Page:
In the last half-century, as the Earth continued to warm, the oceans absorbed 90% of the heat. That remaining 10% melted sea and land ice and warmed our land.
New research has found this missing energy in the deep oceans. The findings rise from a model (ORAS4) tested against and based on temperature and salinity data from 1958-2009, at least a dozen different data types, and all over the worlds oceans. This is massive undertaking and represents our best estimates of changes in the ocean’s heat, i.e. thermal energy, over the last half century.
The figure above outlines clearly where the heat is going—the deep oceans. The deepest oceans (purple line) have risen in heat capacity much greater than the oceans at 300 meters and less. Indeed, this discrepancy in energy uptake by different ocean depths appears to have started in the beginning of this century.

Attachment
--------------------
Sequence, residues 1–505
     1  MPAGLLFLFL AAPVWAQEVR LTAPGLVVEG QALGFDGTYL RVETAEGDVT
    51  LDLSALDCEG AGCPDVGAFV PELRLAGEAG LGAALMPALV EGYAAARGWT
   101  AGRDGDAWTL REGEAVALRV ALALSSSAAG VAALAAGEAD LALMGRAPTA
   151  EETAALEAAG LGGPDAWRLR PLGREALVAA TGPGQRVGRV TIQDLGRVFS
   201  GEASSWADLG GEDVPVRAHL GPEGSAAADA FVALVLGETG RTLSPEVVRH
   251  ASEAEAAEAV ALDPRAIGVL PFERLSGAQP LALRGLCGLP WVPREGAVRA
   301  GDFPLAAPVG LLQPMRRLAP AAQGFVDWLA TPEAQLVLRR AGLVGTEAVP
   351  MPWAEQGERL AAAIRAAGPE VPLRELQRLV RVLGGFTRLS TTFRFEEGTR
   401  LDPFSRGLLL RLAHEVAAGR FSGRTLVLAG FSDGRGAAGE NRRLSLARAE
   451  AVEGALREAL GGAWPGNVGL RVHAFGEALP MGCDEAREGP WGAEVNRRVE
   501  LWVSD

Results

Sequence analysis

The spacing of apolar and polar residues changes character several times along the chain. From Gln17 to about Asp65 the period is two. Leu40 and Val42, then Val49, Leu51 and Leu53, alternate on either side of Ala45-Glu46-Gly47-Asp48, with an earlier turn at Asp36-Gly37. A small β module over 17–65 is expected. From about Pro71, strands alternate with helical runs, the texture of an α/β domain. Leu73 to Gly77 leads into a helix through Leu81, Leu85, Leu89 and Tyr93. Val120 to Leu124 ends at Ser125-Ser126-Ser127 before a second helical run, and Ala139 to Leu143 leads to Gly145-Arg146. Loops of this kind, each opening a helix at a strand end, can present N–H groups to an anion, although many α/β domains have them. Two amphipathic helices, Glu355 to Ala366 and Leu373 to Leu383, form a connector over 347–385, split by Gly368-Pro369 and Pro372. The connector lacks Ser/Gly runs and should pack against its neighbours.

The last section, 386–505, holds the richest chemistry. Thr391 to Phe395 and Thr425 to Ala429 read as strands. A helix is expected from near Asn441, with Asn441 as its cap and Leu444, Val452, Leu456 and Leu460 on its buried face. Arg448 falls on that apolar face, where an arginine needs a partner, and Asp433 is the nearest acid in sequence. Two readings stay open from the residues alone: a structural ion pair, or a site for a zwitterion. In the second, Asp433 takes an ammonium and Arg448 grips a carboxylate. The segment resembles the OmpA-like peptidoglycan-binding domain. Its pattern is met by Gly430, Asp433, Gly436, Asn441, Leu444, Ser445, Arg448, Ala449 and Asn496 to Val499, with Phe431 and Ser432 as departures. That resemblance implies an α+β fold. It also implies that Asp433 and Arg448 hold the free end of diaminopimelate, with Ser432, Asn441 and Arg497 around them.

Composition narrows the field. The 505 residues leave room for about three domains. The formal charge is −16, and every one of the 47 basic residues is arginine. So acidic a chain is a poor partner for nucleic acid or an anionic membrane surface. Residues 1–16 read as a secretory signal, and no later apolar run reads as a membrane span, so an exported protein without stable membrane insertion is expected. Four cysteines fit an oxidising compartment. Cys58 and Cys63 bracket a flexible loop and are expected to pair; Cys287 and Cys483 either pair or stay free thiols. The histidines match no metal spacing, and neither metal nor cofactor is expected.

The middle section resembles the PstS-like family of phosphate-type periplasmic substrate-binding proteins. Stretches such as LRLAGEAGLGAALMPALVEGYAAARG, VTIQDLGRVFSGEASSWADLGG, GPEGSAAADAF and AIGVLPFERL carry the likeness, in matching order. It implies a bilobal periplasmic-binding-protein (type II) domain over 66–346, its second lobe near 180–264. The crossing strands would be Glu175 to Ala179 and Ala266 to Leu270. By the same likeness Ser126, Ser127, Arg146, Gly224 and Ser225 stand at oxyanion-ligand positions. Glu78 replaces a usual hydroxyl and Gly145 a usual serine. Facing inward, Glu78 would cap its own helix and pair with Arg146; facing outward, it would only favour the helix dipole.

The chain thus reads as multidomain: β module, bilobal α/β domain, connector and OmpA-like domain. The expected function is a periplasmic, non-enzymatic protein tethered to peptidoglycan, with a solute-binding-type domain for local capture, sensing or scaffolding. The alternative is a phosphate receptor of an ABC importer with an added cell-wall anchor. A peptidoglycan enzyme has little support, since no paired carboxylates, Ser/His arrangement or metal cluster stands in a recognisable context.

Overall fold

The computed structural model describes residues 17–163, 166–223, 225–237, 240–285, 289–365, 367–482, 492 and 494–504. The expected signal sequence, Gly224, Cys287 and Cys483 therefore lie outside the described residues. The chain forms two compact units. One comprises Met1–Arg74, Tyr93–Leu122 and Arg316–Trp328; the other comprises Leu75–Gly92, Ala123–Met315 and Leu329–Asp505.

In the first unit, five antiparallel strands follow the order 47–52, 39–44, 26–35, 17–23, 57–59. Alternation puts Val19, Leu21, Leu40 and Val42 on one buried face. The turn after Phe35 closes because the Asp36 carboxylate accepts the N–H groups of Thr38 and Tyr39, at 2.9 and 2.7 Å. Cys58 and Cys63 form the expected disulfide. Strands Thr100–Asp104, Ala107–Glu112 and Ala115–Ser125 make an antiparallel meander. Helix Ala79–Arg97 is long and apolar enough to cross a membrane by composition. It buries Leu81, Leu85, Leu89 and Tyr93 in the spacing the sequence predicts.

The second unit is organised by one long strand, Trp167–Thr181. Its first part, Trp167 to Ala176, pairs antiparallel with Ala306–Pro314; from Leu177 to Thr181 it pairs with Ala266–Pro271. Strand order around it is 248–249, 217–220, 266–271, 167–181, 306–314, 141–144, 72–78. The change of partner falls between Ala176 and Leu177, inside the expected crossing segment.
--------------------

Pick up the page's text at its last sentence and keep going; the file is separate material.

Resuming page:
To give you some perspective the deep oceans in 2008 took near 20*1022 Joules (2*1015 Gigajoules). The average person in the U.S. uses about 301 Gigajoules of energy. So in 2008, the deep oceans took in the equivalent energy of that produced by 6,644,518,300,000 people (>6.6 trillion people). The current population of the world is just over 7 billion. Take a moment to let that settle in. Go ahead I’ll wait.